Monday, October 29, 2012

John Updike, "From the Journal of a Leper", limited edition from Lord John Press

Here's another John Updike limited edition from the Lord John Press. Originally published in the New Yorker in 1976, this 1978 bound edition of "From the Journal of a Leper" is limited to 300 numbered copies and 26 lettered copies (that I believe were bound in some amount of leather).
"From the Journal of a Leper" is a strange little story about a man afflicted with "spots, plaques, and avalanches of excess skin, manufactured by the dermis through some trifling but persistent error in its metabolic instructions, expand and slowly migrate across the body like lichen on a tombstone." Not technically leprosy in the traditional sense, but a troubling bodily condition that Updike can use in all its metaphorical capacity. The narrator is a ceramicist, whose smooth, perfect vases provide the story with a well-toned balance to its otherwise epidermal focus.
The book is beautifully printed in red and black, with a delicate, ornate insignia on the title, limitation, and final page.
This is copy #2 of 300, signed by Updike. The limitation page with printing details is below:
This is the second book I've featured from the Lord John Press, and it will certainly not be the last. Lord John Press has produced limited editions like this from Ray Bradbury, Norman Mailer, and many other high-profile, collectible authors. I'm shocked that these are still floating around the used market--while they're not primary publications by these writers, many are deceased and the fact that you can still get these books for under $100 is pretty remarkable. I found From the Journal of a Leper on eBay a few weeks ago for about $40. Check them out!

Currently reading:
Woes of the True Policeman by Roberto Bolano

Currently listening to:
"A Winged Victory for the Sullen" (and the winds of Hurricane Sandy)


Tuesday, October 16, 2012

Hilary Mantel wins the 2012 Man Booker Prize


Hilary Mantel just won the 2012 Man Booker Prize with her outstanding Bring Up The Bodies. I'm so glad I didn't skip this one. I was originally inclined to pass on it due to my low enthusiasm for Wolf Hall, but Bring Up The Bodies is an entirely different novel. Taut, exciting, and relatively independent of its predecessor, I wholly recommend this and think it's a great pick for this year's prize.

Mantel is also the third novelist (and the first woman!) to have won the Booker Prize twice (Peter Carey and J.M. Coetzee are the only others, I believe). She deserves all the praise she's bound to get with this win. Congratulations!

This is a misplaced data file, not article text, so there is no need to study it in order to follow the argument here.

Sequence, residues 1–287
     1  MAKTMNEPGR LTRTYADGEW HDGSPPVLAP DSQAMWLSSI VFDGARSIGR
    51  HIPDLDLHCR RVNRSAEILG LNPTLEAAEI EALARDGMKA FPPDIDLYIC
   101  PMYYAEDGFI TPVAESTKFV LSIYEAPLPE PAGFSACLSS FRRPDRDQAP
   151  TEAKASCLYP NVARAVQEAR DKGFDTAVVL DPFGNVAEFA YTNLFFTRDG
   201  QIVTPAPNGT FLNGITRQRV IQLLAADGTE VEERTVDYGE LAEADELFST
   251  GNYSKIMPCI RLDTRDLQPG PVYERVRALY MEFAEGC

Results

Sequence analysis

Sunday, October 14, 2012

Around the World in Eighty Days, limited edition by David Adjaye


This is a limited edition of Jules Verne's wonderful adventure novel Around the World in Eighty Days, designed by British architect David Adjaye for Penguin's "Puffin Designer Classics" series of novels for younger readers. I previously feature Lauren Child's outstanding edition of The Secret Garden, which can be seen here.

Limited to 1,000 numbered and slipcased copies, Penguin/Puffin's Around the World in Eighty Days is a finely designed and commendably modest rendition of the classic. Adjaye chose a matte gold color for the book's boards and shiny gilt edges for the exposed pages. Even the ink inside is a golden hue! His cover design is not simply for the front of the book but is fully rotational, and is actually carried around the entire book in a subtle and very clever manner.

Phileas Fogg's route around the world is very delicately drawn across the map on the front of the book and is carried across the book's spine. The book's title and Verne's name do not appear on the spine; simply the traveler's path through Europe is featured in the center.


What's exciting is that the route continues along the other side of the book and cuts through the edges of the boards and down through the pages.


And it's really only noticable when you fan the pages open (or look from the perspective of someone actually reading the book). Love the blue ribbon, as well..!


When the book is closed, it's hardly noticeable underneath the gilt edges.


Naysayers might just consider this a cool gimmick, but I think Adjaye's overall book design masterfully balances the excitement of the rotational motif. A really nice piece!

Below is a shot of the limitation page: this is copy 457 of 1000.



Currently reading:
Just finished Salman Rushdie's Joseph Anton

Currently listening to:
WQXR